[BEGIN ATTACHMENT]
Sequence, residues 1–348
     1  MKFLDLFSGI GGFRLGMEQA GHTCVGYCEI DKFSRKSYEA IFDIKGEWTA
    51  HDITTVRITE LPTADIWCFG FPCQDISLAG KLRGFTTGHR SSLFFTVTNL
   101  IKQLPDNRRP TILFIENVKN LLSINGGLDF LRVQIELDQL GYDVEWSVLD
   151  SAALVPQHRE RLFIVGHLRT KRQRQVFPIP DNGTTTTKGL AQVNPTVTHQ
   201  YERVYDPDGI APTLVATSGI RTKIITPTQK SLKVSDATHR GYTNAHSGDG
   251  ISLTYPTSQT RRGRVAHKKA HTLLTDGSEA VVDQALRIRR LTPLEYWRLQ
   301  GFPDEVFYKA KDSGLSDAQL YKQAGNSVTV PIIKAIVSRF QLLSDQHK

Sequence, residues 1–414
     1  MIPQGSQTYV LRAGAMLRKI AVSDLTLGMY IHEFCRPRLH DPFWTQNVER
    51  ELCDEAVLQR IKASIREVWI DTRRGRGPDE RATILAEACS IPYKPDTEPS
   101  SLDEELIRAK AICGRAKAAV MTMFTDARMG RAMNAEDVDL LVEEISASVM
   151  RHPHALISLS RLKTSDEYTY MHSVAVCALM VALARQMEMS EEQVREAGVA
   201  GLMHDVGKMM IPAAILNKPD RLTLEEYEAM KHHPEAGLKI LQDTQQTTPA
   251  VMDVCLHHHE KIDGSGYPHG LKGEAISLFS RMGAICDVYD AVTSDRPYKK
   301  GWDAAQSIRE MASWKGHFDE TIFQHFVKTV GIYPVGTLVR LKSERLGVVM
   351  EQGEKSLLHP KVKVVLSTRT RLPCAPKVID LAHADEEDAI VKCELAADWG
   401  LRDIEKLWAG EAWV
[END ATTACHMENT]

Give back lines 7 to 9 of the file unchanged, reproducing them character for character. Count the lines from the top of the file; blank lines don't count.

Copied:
   251  ISLTYPTSQT RRGRVAHKKA HTLLTDGSEA VVDQALRIRR LTPLEYWRLQ
   301  GFPDEVFYKA KDSGLSDAQL YKQAGNSVTV PIIKAIVSRF QLLSDQHK

Sequence, residues 1–414